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On Valentine's Day, A Doo-Wop Zoom That Goes Straight For The Heart04:12
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The doo-wop group "The Cadillacs" pose for a portrait with their lead singer Earl Carroll (top) in circa 1954 in New York.  They recorded a song called "Zoom." (James Kriegsmann/Michael Ochs Archives/Getty Images)
The doo-wop group "The Cadillacs" pose for a portrait with their lead singer Earl Carroll (top) in circa 1954 in New York. They recorded a song called "Zoom." (James Kriegsmann/Michael Ochs Archives/Getty Images)

Songs tend to reflect the times in which they’re written. With the passage of time, they often come to mean new things. In honor of Valentine’s Day, let’s considers two 1950s doo-wop songs with an oddly contemporary motif.

One starts with the sound “zum,” but it’s spelled Z-O-O-M, just like the online platform.

“Zoom, zoom, zoom, zoom, zoom …
Zoom, zoom, zoom, zoom, zoom …"

In 1958, the Harlem-based doo-wop group called The Collegians made it the musical foundation for a love song they called "Zoom Zoom Zoom."

“I love you
Yes I love you so
Want the world to know
That I love you so…"

Zoom may be the bane of your pandemic existence, when from dawn to dusk and beyond, you’re glued to the platform until — square-eyed — you expire from Zoom fatigue. But for The Collegians, it seemed an ideal lyrical bed for a marriage proposal.

“I need you
Need you by my side
Want you for my bride…"

Lawrence Pitilli, author of the book "Doo-Wop A Capella," says that “zoom” is an ideal nonsense syllable to show off the singers’ skill and hook the listener. The letter sounds work well together, he explains: “You have these very organic sounds coming out. You have a vibratory 'Z,' you have an open vowel, and it concludes with a bilabial, two-lip sound. It’s going to work.”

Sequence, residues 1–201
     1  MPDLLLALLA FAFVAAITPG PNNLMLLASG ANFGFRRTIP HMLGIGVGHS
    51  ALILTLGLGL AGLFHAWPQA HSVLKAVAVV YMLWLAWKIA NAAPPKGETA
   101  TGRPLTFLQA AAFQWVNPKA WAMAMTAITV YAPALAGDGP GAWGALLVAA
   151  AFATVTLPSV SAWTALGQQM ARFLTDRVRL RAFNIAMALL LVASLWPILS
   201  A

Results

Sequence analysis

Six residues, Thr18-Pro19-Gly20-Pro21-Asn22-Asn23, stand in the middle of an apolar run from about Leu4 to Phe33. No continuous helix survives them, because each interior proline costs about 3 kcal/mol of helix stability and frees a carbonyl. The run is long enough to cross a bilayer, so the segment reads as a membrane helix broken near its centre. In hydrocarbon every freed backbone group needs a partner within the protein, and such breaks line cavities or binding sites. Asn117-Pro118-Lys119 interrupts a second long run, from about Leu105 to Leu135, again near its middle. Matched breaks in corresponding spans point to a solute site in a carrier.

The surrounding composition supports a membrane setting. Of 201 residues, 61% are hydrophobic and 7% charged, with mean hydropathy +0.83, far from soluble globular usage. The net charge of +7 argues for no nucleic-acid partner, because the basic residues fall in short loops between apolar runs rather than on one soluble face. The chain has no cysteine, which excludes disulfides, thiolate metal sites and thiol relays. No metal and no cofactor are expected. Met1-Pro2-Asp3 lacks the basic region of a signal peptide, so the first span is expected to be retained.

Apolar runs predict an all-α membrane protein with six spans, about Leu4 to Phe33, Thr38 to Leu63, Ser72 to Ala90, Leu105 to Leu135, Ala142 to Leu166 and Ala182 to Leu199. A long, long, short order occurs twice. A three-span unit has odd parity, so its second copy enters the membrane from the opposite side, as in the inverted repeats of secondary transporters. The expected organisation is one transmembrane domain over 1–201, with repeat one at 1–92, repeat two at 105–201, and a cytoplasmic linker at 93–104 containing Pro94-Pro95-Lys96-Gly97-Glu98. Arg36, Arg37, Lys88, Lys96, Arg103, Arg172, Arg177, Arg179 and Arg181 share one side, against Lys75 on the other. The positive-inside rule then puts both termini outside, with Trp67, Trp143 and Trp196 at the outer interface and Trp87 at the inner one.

But inspiration may have come from another doo-wop song called — simply — "Zoom." In that song, recorded by The Cadillacs, the onomatopoetic “zoom” — depicting speed and movement — gets the melody going.

“Well, Zoom!
Went the strings on my heart,
Yes I know you'd sta'art,
A little flame in my heart."

During the pandemic, Zoom of a different sort has been the conduit to corporate meetings and funerals. But also, the sweet things in life — the introduction to newborns, reunions with long-lost friends, and weddings.

Ryan Crain and Kayla MacArthur (Courtesy)
Ryan Crain and Kayla MacArthur (Courtesy)

People have dated on Zoom. Some, like Kayla MacArthur and Ryan Crain, who connected virtually through a mutual friend, have fallen in love.

“It allowed two people who might’ve never met in person to come together,” MacArthur, who's from Massachusetts, points out.

Crain reflects a little more personally. “For me, it was just incredibly serendipitous and surreal.”

For many couples, the place where they first met has special emotional resonance. The night club, the college quad, the bus stop. For those whose eyes first locked on Zoom, the visceral memory may not be quite as rich in sensory stimuli. But still.

“It’s just all like wow, how did this all happen!” MacArthur enthuses, and laughs.

It happened because in the pandemic, Zoom was a life- — or rather, a love-line.

This segment aired on February 12, 2021.

Judith Kogan Reporter
Judith Kogan is a contributor to Only A Game.

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